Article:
Is this really true?

by Dan
(Prince Edward Island)

Is this really true? Because if you go on this site called Welcome to Ask a Biologist, someone asked a Biologist if you can breed for resistance to disease and here was the response: Most unlikely!

"(a) I think it MOST unlikely there would be specific genes that would give absolute resistance

"(b) even if they were to select for them by breeding would take very many generations"

The link below is a good summary - as can be seen the vast majority of rabbits will have caught the disease but most have no symptoms.

***** Karen Sez *****

Let's rephrase your last statement: The vast majority of rabbits will have been EXPOSED to the disease but many of them have no symptoms and no infection.

I have no idea why a biologist would state that one cannot selectively breed rabbits for health. (What am I misunderstanding?) Because rabbit breeders are successfully selecting and breeding for health right now, and it does not take "very many generations."

I certainly can accept the biologist's first statement (a), because: Breeding for health involves multiple genetic factors, not a single gene that confers absolute health (if only...!). But the fact remains - no matter how many unidentified genes are involved, by NOT breeding the symptomatic animals, and ONLY breeding the healthy ones, and even if I don't know which are the genes involved, the weak genes end up discarded and the strong genes multiply.

I speak from experience - it takes around 3-4 generations to achieve huge improvement, and several more to discover (a rabbit ends up becoming symptomatic) and to eliminate (you cull that rabbit and its sire and dam) any hidden recessive weaknesses.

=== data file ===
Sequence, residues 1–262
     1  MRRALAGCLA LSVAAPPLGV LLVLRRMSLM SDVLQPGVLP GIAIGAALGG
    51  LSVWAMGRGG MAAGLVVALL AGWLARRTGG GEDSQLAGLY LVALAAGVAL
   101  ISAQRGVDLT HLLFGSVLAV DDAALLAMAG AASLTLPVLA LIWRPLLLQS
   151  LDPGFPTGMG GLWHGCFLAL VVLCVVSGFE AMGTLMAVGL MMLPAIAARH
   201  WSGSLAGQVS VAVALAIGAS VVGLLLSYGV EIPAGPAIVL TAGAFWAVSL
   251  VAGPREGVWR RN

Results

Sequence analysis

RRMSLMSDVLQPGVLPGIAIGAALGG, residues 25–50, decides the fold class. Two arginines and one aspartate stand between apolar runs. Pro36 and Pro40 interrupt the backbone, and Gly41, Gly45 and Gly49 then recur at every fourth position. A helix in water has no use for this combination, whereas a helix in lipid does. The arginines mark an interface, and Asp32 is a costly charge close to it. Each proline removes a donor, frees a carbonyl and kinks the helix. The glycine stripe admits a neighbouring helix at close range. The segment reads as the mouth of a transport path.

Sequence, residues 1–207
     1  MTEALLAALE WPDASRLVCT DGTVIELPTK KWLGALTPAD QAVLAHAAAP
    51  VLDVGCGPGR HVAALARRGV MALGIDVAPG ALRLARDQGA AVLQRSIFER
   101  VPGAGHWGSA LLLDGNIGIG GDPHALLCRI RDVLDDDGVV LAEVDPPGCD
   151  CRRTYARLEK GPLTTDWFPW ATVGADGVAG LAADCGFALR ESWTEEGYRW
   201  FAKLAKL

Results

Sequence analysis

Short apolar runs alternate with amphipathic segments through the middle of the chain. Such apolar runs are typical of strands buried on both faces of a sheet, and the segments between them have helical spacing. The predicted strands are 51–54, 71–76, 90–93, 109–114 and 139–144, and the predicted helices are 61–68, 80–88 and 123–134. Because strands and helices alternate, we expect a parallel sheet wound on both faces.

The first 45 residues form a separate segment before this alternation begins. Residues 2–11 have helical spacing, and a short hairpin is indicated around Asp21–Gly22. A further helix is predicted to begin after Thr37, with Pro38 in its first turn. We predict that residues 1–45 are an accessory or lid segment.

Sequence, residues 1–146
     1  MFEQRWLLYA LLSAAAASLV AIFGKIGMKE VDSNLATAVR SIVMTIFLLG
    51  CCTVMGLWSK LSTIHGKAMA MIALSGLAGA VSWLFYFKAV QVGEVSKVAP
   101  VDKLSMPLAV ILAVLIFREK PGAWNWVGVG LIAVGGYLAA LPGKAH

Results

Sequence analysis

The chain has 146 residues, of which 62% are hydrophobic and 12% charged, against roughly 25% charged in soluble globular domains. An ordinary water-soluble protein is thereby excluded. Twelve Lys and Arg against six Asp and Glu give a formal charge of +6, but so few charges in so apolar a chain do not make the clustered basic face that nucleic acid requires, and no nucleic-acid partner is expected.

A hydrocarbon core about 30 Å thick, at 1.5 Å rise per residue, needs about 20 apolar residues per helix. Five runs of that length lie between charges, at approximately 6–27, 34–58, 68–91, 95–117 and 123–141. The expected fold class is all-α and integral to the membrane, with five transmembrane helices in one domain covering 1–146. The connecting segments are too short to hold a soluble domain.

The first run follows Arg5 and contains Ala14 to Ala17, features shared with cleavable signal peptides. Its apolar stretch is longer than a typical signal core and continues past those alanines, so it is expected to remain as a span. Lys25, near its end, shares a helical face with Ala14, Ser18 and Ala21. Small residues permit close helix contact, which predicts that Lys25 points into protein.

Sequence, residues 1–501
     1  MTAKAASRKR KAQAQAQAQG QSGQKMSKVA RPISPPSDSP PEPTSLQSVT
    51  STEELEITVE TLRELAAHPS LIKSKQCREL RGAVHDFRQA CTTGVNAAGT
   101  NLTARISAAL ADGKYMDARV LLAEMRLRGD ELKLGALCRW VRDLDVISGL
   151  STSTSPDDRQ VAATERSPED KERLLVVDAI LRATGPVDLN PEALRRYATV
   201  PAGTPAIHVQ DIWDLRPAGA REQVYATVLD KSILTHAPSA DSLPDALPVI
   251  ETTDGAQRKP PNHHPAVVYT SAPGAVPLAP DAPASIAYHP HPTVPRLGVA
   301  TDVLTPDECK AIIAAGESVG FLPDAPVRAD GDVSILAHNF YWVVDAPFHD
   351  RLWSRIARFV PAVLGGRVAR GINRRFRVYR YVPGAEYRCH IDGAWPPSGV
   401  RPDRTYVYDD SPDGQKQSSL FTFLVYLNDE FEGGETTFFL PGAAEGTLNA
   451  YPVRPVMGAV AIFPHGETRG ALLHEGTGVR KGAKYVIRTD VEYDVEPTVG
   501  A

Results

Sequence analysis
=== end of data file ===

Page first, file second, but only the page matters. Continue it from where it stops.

With persistence in culling the sick animals over a total time frame of around 2-4 years (4 years for a weaker herd), you'll achieve a very quiet rabbitry -- no symptoms. Along with reduction in symptoms will come increased overall health - no abscesses (or minimal, anyways), no runny eyes, no infected reproductive tract, none of the problems represented in the shocking photos at the link you presented.

I LIKE having chronically healthy animals.

I recommend viewing the info at the LBAH link. Those surgical photos might help you realize what is really going on in sick rabbits, when all you can see on the outside is a runny or snotty nose and some snuffling sounds. Those animals are actually chronically and possibly very sick. As the immune system becomes weakened and drained, it fails to contain the infection, which will spread and grow out of control. Euthanization is a kindness, both to the sick animal and to other healthy rabbits in the vicinity.

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